Last week, Syrian President Bashar al-Assad demonstrated his utter disdain for U.S. efforts to launch Syrian peace talks next month in Geneva.
Even as Secretary of State John Kerry was roaming the region seeking Arab backing for talks, the Syrian regime reportedly launched a chemical weapon against civilians in a northeastern Damascus suburb. The fourth such episode, this one sent at least 50 victims to the hospital with bronchial and muscle spasms.
Assad once more thumbed his nose at President Obama's "red lines" with impunity, while insisting he will run in "elections" in 2014. Could the message possibly be clearer? Armed by Moscow and Tehran, buoyed by Iranian and Hezbollah fighters helping him regain lost ground, Assad thinks he is winning.
No wonder. The White House still refuses to do what is necessary to force him to take talks seriously, thus ensuring that any Geneva meeting will fail.
The administration is correct to argue that a negotiated peace would be the best way to stop the Syrian carnage. It would also be the best way to stop the fighting from spilling over further into Turkey, Lebanon, Iraq, or even Israel, and to prevent a new al-Qaeda base in the heart of the Middle East.
Yet, at present, Washington has little or no leverage with which to squeeze Assad into accepting the principles underlying the Geneva talks: that both sides would agree to a transitional government (minus Assad), which would take control of the country and prepare for elections.
Assad rejects that premise. Moscow (the cosponsor of the talks, on whose good offices Kerry is relying) backs Assad. The dictator's stonewalling "reflects his belief that the Iranians and Russians will pull his chestnuts out of the fire," says Fred Hof, a former special adviser on Syria at the State Department.
So, even if Syrian opposition leaders agree to attend talks, what's the point?
True, Kerry warned last week that, if Assad won't negotiate in good faith, the United States might increase its support for the opposition. But U.S. officials still insist that any new support will only be "nonlethal," meaning no weapons. This has convinced Assad he can ignore U.S. threats.
The dictator knows it took two months for Washington to deliver promised food rations and medical kits to Syrian opposition militias that were CIA-vetted to ensure they are not linked to jihadis. The administration still has not delivered communications equipment promised in April.
Meantime, non-jihadi rebels whom Washington supposedly backs are losing ground to Assad's forces because the rebels don't have enough bullets. (Jihadi fighters, on the other hand, seem to have no trouble getting guns and cash from rich Gulf Arabs.) No wonder Assad feels free to take a hard line on Geneva talks.
The talks might have a chance, however, if Obama were willing to play hardball with Assad. The dictator and his allies ignore rhetoric, but respect strength.
Playing hardball would require two essential steps.
First, Assad would have to be convinced he could lose the military battle. The administration would have to listen to Gen. Salim Idriss, commander of the rebels' Supreme Military Council (SMC), who wrote to Kerry: "For the negotiations to be of any substance, we must reach a strategic military balance, without which the regime will feel empowered to dictate, or at least stall for precious time to achieve gains on the ground under the cover of diplomacy, while fully sustained logistically and militarily by Russia and Iran."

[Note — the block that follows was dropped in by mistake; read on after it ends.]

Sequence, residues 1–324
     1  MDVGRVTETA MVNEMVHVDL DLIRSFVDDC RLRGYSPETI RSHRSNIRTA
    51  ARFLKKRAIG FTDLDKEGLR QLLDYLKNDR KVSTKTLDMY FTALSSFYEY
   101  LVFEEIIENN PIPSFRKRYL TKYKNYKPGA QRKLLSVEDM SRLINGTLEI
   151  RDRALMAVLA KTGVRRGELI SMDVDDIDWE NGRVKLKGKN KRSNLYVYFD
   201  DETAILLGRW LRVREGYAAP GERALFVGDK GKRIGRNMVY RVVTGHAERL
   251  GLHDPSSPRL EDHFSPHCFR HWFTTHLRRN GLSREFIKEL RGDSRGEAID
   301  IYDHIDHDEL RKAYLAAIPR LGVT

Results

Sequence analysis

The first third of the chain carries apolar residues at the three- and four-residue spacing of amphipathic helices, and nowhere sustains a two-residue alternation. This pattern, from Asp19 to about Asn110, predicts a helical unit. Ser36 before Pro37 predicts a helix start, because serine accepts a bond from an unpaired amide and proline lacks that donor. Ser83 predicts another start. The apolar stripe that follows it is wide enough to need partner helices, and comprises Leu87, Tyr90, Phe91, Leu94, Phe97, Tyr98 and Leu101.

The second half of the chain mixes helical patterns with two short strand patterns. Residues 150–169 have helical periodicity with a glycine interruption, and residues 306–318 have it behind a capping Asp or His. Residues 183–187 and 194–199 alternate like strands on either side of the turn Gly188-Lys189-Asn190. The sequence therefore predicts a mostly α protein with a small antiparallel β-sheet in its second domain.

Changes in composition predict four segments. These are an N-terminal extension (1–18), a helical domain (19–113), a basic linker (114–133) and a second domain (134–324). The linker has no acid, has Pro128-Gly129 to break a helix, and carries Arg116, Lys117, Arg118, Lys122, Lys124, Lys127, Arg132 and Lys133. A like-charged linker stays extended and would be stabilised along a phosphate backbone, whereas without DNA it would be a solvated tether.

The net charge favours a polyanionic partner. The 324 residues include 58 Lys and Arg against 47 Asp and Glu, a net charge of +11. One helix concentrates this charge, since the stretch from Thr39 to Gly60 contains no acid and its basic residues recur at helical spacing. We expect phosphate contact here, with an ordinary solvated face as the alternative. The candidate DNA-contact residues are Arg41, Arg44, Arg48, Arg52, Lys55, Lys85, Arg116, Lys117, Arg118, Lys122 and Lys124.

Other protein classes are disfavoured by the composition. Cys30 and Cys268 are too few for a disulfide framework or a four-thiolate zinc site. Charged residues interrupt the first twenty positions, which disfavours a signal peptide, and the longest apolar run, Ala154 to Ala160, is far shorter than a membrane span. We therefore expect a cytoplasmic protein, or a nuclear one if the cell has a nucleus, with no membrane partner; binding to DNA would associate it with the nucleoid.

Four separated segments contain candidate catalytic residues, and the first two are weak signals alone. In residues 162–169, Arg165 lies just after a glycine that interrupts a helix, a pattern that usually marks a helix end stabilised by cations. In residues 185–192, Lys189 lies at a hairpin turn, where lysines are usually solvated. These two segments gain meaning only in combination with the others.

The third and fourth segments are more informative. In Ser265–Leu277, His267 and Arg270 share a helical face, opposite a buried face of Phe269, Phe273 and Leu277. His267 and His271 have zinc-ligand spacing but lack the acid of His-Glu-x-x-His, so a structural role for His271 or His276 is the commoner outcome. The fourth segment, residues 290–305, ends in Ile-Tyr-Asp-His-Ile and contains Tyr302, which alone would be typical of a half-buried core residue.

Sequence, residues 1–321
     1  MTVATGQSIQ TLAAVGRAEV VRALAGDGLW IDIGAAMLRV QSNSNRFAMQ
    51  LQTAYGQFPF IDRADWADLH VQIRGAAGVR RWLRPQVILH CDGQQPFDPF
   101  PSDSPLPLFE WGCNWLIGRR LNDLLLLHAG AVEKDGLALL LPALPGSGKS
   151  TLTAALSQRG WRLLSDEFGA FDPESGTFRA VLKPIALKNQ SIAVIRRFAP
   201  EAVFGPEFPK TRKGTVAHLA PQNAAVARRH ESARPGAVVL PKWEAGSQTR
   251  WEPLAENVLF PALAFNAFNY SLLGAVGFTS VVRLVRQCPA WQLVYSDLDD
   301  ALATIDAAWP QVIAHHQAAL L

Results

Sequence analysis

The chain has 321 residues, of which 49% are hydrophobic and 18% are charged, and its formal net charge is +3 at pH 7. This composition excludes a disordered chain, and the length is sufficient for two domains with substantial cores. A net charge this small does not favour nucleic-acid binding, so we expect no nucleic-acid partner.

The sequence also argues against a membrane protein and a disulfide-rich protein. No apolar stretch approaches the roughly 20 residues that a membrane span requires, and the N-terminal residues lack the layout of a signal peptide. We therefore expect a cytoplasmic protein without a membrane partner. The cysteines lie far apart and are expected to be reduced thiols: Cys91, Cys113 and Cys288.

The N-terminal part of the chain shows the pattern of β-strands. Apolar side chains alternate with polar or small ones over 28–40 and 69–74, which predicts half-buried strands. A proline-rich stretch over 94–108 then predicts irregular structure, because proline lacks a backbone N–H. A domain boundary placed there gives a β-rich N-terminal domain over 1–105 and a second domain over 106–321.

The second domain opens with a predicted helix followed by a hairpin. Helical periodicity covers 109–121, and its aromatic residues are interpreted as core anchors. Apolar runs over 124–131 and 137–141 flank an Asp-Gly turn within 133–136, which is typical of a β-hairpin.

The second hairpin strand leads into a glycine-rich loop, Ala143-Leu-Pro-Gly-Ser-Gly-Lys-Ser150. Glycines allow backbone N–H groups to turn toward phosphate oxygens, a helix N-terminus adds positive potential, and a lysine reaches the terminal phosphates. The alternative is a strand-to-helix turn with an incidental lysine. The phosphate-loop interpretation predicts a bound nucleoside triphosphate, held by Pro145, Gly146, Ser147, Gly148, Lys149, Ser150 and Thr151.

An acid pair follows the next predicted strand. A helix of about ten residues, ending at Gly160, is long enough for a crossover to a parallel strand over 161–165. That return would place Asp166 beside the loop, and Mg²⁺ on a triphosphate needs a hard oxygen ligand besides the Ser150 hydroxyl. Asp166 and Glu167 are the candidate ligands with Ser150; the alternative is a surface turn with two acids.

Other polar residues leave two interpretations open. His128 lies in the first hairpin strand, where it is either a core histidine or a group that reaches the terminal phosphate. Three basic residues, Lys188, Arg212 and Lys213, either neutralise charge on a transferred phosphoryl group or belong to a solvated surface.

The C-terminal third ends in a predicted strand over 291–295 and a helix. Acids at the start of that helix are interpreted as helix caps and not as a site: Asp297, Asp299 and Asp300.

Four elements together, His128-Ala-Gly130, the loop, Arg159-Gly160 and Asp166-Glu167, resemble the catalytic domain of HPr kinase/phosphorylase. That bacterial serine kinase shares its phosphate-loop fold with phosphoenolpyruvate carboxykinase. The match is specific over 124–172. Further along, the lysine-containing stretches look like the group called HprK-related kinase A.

To achieve a strategic balance, Idriss wrote, the United States should provide rebel forces under the command of the SMC with sufficient advanced weapons "to sustain defensive military capabilities in the face of the Assad forces."
In other words, for diplomacy to work, vetted rebel groups first need more, and better, arms.
Which brings us to the second step. Those weapons don't necessarily have to come from the United States, although failing to provide them severely undercuts U.S. leverage with its enemies and its allies. The weapons can come from Gulf states - or from Britain and France if the European Union drops its arms embargo on Syria. But Washington must play the lead role in ensuring that the aid is coordinated in a way that strengthens responsible rebel groups.
The administration claims to support the SMC and Idriss, but does little to prove it. It has outsourced the job of arming the rebels to Qatar and Saudi Arabia, but failed to persuade them to coordinate their aid through the military council. Instead, they arm their favorite militias (often salafi militants). This undercuts Idriss' efforts to create a coherent rebel army that could marginalize jihadi groups.
The Qataris and Saudis have felt free to ignore Washington because, despite Kerry's efforts, they see no sign the White House is fully invested on the Syria issue. If these talks are to have any chance of success, that perception must change.
Obama must unite the Gulf states, Turkey, and involved European nations around a coherent policy for arming the rebels. He must persuade the Russians and Iranians that, so long as their arms flow to Assad, he will ensure that vetted rebel groups get equal weapons.
Such tough tactics are required to convince Assad that there is no alternative but to make way for a transitional government via diplomacy. Otherwise, the Geneva talks are doomed before they start.